The World Wide Web Foundation has launched a campaign demanding internet that is faster, more accessible, and affordable for all Africans before 2020, saying that expensive, limited connectivity is stunting the continent’s development as well as entrepreneurship.
The #FASTAfrica campaign – which stands for Fast, Affordable, Safe and Transparent (F.A.S.T.) – is being marked by a week of events across more than 30 African countries, with results to be presented at the World Economic Forum on Africa and African Union meetings later this year.
The campaign argues that Africa’s development, and therefore African lives and futures, depend on F.A.S.T. internet. In addition, the initiative says the lack of F.A.S.T. internet is holding back the continent’s entrepreneurs, stunting both innovation and uptake of new products.
“Africans are faced with some of the highest broadband access costs and slowest speeds in the world – a fact that is stunting the growth of business opportunities on the continent. Without decent internet speeds, African entrepreneurs won’t be able to develop innovative, content-rich products. Without affordable access, tens of millions of potential customers will be kept offline,” says Renata Avila, global campaign manager for the Web We Want initiative, a branch of the Web Foundation.
“Without safeguards for privacy in law, entrepreneurs won’t be able to do business privately, and certain sectors like financial services could be badly hamstrung. And without transparent policies, entrepreneurs can’t make business decisions with certainty. That’s why we are working to make F.A.S.T. internet a reality. We want to ensure that the next mPesa or Jumia is not held back by a slow, expensive and unsafe internet.”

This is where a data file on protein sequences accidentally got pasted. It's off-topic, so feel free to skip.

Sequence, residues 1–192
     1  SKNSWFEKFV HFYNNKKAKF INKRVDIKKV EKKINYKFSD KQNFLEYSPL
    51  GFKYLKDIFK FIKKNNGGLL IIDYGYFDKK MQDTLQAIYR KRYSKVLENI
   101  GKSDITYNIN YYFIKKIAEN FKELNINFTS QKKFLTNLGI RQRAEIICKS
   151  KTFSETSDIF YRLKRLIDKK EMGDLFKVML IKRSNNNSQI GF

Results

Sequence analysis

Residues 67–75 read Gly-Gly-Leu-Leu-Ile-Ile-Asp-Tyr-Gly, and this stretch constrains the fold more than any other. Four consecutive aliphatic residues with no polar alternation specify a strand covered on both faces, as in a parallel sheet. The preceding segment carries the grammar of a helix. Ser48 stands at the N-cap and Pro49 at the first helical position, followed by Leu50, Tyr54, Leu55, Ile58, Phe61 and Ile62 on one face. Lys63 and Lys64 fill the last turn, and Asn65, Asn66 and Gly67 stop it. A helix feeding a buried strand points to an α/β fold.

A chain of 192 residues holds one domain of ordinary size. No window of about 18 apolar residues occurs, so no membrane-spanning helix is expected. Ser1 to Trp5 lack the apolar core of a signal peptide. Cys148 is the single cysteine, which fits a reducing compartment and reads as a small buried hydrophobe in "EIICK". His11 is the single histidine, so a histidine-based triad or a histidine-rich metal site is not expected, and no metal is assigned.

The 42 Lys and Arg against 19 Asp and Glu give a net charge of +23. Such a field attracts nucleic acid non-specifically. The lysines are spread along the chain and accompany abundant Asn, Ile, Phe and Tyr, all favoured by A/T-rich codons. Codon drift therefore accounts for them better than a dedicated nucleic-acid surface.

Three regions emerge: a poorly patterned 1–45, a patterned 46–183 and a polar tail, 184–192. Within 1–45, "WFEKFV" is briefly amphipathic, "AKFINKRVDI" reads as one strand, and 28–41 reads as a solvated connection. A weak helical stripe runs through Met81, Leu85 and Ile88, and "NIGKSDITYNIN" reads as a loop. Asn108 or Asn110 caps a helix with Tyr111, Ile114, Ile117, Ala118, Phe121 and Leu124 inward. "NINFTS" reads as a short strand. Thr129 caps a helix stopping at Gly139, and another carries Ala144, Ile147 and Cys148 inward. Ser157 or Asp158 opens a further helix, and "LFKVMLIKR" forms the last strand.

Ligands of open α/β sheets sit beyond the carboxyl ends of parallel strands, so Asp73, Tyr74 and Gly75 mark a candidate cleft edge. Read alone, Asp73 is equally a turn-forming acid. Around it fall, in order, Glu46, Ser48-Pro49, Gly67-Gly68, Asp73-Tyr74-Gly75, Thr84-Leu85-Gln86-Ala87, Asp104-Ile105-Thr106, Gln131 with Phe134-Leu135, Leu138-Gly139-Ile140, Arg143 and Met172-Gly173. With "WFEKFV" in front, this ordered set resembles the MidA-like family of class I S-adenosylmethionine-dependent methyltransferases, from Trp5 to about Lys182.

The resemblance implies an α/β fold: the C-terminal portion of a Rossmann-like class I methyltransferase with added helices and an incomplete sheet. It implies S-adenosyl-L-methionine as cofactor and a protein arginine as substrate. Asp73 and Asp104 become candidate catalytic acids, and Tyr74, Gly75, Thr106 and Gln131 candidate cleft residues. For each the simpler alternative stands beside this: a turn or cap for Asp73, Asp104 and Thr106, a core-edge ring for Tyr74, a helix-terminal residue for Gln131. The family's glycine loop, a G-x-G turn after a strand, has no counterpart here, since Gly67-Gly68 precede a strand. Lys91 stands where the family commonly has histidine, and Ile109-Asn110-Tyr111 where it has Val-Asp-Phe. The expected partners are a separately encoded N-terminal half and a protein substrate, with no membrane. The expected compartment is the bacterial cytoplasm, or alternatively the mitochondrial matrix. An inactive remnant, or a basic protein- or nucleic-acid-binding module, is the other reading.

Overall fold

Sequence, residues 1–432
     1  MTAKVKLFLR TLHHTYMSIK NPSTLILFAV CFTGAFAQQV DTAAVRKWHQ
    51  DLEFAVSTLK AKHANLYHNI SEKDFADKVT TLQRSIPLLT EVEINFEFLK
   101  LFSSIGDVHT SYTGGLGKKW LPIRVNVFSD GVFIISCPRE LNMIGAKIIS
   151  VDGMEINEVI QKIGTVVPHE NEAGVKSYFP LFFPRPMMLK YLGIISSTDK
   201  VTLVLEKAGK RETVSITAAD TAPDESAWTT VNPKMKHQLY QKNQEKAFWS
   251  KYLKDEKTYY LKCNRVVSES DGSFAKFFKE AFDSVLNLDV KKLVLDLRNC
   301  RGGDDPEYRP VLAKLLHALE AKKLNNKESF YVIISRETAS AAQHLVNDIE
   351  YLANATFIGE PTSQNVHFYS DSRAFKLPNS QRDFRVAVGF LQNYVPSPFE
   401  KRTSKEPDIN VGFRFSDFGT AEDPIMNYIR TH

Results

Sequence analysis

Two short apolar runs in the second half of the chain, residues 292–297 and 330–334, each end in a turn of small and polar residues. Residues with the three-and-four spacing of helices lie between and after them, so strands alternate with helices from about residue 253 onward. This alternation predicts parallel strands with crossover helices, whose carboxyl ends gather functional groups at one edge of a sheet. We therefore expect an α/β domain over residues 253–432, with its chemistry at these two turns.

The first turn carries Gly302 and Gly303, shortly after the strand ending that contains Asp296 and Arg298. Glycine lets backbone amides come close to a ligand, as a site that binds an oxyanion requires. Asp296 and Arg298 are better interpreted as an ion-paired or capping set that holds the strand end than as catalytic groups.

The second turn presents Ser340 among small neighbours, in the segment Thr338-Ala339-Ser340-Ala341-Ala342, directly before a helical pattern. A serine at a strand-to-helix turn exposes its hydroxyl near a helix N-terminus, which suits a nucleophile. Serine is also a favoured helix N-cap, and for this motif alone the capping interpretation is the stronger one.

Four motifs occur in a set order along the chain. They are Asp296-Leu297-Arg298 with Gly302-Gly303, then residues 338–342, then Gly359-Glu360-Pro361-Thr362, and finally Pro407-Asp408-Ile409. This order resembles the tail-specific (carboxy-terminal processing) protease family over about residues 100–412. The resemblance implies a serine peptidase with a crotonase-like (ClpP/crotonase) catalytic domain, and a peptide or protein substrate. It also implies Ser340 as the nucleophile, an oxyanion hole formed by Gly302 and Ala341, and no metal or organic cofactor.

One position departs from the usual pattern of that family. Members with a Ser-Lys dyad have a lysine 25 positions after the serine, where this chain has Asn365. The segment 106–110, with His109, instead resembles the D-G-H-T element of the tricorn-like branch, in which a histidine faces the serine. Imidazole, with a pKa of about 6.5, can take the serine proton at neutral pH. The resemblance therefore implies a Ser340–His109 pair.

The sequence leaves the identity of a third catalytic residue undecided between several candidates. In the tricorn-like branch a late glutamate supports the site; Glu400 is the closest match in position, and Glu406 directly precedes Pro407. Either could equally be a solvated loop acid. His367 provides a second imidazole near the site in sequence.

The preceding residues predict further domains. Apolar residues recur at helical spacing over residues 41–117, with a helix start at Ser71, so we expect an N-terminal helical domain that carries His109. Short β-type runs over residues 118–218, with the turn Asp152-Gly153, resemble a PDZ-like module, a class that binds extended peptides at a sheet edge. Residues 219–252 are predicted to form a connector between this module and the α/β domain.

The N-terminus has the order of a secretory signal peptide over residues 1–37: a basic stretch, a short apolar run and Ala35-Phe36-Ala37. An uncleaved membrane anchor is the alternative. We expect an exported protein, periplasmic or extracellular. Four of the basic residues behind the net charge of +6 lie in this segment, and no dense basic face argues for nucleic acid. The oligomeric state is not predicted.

The FASTAfrica campaign has been shaped by a planning group of more than 60 representatives of African groups and organisations that work on internet rights issues in their own countries; and is being coordinated by the World Wide Web Foundation, which was established by web inventor Sir Tim Berners-Lee.
29 small grants were made to local organisations hosting events during the action week, taking place in the first week of May. These grants will allow youth groups, technology activists, developers and policy experts to host campaign activities in Botswana, the Democratic Republic of Congo, Uganda, Kenya, Burundi, Mali, Ivory Coast, Ghana, Nigeria, Rwanda, Senegal, and other countries.
Anyone can sign up to host an event or participate here.